Ukraine: I Once Had a Home
‘I once had a home’ is the title of a photo series by US photographer Ron Haviv, taken in Ukraine, a country that has been forced into a grueling defensive war. His pictures show people who have to flee and bid their homes and friends farewell, but also abandoned prams, destroyed bridges and shelled residential buildings. And they show basements and metro stations where children are born. Where they play. And where they learn.
A teacher is reading stories to a group of girls and boys in a metro station in the capital Kyiv. Perhaps it is an exciting fairy tale reflected in the eyes of the children. But it could also be all the emotions triggered by the children’s experiences: fear, horror, and disbelief.
Millions of Ukrainian women and their children have been displaced within their own country. As of November 2022, nearly 1,000 schools have been damaged, nearly 130 completely destroyed. At least 400 children have lost their lives to artillery fire, 800 have received serious physical injuries. The Right to Life (Article 6 of the UN Convention on the Rights of the Child); the Right to Rest and Leisure (Art. 31); the Right to Education (Art. 28): since the start of the war in February 2022, each time the alarm goes off, it is only underground that these rights can sort of be guaranteed for the girls and boys in Ukraine.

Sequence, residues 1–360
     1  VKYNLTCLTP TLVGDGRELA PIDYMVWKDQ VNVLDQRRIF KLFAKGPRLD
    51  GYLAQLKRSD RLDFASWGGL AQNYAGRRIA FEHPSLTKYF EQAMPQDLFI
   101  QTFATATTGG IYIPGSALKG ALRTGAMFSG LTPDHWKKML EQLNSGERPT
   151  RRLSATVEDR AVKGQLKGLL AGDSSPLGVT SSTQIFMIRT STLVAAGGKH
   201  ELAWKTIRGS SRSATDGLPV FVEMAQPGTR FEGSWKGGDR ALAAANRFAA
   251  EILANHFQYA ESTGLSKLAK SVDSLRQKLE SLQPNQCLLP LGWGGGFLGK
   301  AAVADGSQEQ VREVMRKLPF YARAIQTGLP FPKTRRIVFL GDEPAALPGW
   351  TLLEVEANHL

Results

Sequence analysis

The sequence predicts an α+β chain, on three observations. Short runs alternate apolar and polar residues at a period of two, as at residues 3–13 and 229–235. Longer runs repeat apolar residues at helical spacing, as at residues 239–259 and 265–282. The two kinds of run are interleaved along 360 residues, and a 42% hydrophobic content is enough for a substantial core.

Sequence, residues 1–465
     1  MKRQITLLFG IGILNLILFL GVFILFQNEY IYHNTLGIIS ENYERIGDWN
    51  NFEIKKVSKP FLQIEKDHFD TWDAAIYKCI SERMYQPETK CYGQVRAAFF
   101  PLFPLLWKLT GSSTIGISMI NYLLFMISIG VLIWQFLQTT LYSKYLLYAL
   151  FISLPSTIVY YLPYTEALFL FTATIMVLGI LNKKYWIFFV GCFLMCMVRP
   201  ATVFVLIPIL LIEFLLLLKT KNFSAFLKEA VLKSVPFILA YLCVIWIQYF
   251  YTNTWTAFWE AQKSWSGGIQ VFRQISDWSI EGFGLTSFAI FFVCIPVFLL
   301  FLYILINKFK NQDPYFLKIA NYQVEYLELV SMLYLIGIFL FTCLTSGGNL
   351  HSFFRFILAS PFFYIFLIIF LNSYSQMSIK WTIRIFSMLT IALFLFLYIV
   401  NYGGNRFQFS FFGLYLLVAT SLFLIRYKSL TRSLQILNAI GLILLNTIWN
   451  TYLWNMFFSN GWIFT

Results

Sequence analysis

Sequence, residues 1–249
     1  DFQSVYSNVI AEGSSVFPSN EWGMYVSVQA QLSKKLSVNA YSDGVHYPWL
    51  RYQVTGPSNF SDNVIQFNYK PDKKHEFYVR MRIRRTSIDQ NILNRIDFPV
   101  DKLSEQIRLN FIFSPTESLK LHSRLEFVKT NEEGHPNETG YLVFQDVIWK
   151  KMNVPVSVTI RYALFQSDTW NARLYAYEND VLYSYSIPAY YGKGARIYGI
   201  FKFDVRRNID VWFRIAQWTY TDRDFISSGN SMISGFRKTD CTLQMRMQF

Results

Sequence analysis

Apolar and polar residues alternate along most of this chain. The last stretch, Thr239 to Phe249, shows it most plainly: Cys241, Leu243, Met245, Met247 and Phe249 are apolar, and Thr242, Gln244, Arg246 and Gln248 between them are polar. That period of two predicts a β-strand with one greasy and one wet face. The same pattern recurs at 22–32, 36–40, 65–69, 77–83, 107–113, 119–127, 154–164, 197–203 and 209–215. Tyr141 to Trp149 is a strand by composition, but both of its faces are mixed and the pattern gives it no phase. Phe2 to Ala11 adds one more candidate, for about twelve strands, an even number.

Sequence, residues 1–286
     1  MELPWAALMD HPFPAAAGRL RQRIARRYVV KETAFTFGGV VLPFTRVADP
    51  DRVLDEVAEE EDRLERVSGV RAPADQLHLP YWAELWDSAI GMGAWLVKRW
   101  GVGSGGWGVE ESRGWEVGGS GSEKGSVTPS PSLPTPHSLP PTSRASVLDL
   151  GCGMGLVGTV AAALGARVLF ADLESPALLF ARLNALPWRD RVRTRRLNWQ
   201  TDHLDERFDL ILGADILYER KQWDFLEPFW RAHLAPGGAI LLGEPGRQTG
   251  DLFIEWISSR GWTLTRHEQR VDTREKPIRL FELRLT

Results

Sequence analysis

Photographer: Ron Haviv, USA (Agency VII) - for 1843/Economist
Ron Haviv, born in 1965, is one of the world’s most renowned contemporary photographers and documentary filmmakers. Haviv is co-founder of the photo agency VII and its affiliated foundation; his documentaries from the war in Yugoslavia, from Afghanistan, Panama, Sri Lanka, Darfur, Haiti, and almost 20 other war and conflict zones have also moved international politics.
His award-winning work can be seen in the photography collections of the Louvre in Paris and other top museums. Haviv has also worked with UNICEF, Doctors Without Borders (MSF) and the International Red Cross